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Tips for using Excel at university

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Published: 3 April 2020

University of Sunderland in London student using Excel

For new students, lifelong students, prospective students and students just about to graduate, Microsoft Excel is a tool that will help you with your studies at the University of Sunderland in London and on into your career. Below we’ve listed our favourite tricks and tips to help you make the most of the worlds most popular spreadsheet programme.

Quickly make a chart

Ever had trouble making a pie chart or bar graph? If you’re not sure how to best show your data in a visual way, try using Recommended Charts

Highlight your data then click on the Insert tab on the top. Then just click the Recommended Charts button and you’ll get a window with all the possible chart options to choose from. 

Pivot tables

Pivot tables are useful tools when you have lots of data. They basically group together large data sets together so they’re easier to read.

To create your own pivot table, go the Insert tab again. Then click Pivot Table and select the data you want to show. A window will appear on the right of the page. You choose the information areas you want in the top and create the table at the bottom.


Transposing is a fancy word for moving data around, something you’ll need to do if you want to switch your rows and columns. You might be tempted to move each cell individually, which can take a long time. Luckily, Excel has a solution.

Right-click the column or row you want to transpose and select Copy. Then choose where on your spreadsheet you want the new row or column to begin. Right-click on that cell and choose Paste Special. You’ll see a window pop up. Tick Transpose at the bottom and click OK.


Filtering is a great way of seeing only the information you want when you have a lot of data. For example, you might have a data set that includes people in Canary Wharf, Sunderland and Hong Kong but you only want to see people in Canary Wharf. Filters can let you do that without changing anything in the original data set.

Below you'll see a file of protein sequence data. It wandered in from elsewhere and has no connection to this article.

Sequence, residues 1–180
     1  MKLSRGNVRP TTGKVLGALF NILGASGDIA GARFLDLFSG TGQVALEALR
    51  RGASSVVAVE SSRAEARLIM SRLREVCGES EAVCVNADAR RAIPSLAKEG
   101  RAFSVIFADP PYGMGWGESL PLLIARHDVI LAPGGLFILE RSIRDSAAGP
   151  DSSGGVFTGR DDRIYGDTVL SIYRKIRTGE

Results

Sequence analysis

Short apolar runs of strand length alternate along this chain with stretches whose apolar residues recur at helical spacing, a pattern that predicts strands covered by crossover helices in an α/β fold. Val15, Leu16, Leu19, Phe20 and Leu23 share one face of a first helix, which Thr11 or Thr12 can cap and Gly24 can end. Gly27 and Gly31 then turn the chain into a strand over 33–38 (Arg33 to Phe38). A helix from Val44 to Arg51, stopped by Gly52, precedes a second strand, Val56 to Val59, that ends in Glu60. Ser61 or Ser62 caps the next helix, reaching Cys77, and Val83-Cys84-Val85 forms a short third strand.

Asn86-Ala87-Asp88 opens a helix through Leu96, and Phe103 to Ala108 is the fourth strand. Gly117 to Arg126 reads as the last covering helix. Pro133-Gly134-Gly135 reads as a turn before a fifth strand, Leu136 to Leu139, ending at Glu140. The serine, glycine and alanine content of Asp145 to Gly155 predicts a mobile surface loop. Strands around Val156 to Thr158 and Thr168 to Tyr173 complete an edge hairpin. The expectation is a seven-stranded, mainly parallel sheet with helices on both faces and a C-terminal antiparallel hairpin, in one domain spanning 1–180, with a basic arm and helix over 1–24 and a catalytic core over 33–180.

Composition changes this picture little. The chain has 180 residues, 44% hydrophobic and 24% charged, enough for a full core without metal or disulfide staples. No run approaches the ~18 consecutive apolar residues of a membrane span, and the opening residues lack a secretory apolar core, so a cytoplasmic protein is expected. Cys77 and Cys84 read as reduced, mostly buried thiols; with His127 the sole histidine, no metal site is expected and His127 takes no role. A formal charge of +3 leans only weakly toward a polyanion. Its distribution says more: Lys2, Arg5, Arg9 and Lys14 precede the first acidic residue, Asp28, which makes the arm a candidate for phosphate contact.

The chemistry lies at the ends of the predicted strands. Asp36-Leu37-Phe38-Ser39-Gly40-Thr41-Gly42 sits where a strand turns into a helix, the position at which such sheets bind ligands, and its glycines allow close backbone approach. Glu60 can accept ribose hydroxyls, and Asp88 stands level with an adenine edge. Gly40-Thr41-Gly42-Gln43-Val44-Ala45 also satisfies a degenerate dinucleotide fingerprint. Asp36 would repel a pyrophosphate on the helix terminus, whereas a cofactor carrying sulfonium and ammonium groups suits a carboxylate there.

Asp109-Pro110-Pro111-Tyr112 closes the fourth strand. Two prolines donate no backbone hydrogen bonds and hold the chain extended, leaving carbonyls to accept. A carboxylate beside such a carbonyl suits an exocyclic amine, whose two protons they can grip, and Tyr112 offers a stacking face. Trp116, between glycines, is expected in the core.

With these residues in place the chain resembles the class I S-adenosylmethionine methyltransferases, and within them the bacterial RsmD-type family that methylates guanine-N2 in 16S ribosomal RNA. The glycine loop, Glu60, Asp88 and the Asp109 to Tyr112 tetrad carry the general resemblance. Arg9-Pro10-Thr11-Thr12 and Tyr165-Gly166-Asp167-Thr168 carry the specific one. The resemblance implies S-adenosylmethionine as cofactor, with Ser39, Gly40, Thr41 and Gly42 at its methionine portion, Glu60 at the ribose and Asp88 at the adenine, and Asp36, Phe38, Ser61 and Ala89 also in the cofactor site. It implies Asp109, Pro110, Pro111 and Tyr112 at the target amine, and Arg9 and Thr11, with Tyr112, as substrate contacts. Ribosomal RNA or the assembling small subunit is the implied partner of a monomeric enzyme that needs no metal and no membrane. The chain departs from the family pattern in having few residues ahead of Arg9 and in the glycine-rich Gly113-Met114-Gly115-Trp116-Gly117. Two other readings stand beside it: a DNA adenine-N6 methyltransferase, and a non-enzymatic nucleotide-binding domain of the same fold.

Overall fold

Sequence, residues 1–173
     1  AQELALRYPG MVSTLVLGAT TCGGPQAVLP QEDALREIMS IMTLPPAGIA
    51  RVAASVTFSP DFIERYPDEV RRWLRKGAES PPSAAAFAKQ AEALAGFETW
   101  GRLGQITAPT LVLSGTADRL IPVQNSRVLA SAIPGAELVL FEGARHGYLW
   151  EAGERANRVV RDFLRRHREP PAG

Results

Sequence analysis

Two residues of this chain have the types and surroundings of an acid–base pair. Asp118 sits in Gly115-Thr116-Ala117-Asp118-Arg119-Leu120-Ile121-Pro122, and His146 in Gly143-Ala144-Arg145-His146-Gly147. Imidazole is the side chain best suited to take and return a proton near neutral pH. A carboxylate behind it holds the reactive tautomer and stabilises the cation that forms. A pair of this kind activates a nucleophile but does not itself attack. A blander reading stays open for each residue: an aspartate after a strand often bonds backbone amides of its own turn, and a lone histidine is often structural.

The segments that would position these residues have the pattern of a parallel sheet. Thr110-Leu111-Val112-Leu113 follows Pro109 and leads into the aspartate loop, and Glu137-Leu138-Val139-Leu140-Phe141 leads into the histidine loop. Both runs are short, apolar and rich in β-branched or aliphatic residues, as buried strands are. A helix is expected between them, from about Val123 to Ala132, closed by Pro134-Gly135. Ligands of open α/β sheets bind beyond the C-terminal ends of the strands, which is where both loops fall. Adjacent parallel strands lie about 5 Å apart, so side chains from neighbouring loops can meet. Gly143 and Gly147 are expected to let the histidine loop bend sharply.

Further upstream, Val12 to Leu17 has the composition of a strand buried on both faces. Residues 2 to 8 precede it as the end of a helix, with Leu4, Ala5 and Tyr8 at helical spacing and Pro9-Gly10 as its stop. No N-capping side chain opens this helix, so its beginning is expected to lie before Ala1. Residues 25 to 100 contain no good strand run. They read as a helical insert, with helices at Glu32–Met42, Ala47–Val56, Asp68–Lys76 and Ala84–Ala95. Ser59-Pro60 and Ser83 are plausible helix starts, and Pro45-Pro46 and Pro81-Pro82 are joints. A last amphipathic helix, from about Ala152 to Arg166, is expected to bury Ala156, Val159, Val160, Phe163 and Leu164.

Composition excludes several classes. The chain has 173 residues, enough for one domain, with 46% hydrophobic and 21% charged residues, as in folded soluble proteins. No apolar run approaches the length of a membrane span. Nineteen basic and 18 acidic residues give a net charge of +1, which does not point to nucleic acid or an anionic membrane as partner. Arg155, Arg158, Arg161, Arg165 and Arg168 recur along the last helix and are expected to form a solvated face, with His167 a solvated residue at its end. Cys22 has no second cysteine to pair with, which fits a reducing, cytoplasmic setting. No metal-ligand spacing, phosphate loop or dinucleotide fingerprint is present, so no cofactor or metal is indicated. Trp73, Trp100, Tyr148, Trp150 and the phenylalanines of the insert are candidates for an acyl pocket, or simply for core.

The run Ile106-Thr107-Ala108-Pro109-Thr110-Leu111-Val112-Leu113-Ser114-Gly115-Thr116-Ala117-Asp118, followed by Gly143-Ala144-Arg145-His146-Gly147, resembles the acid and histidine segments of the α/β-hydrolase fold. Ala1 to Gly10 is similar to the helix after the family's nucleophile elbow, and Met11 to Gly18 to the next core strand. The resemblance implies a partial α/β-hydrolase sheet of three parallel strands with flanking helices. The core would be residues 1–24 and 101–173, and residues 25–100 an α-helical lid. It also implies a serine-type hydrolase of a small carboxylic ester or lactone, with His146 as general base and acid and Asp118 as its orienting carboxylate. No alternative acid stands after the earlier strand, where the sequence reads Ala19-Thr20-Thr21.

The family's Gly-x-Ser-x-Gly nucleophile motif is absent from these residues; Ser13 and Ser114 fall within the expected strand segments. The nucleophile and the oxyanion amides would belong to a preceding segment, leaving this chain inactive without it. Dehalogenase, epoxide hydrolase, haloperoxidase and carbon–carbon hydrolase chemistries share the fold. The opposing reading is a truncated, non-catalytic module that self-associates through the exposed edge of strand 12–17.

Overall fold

Select your data set then choose Home in the tabs at the top of the page. Click Sort and Filter on the far right then Filter from the drop-down. Arrows will appear next to your headers. Click on each of these for a drop-down that lets you filter any way you want.


Autofill is a great timesaver. It’s a way for Excel to guess what you want to add to a cell based on what you’ve written before. For example, if you’ve got the number one in a cell and want the next cell to read ‘2’, then ‘3’ and so on, you can get Excel to do it for you.

Just select the cell you want to start on (that’s ‘1’ in our example), then hover your mouse over the bottom left corner. You should see a small black cross. Click the cross and drag it down or across for as many cells as you need. You should now see a row or column of numbers in order. You can do this for a few other kinds of data too, including dates and days of the week.

Microsoft Excel is a really useful tool. You’ll most likely find yourself using it at some point in your studies, no matter what course you’re on. That’s why, as a student at the University, you have access to Excel and all the Microsoft Office programmes for free. Visit the Microsoft Office 365 website and enter your University email to get started. Find out more by following #WeAreSunLon on FacebookTwitter and Instagram.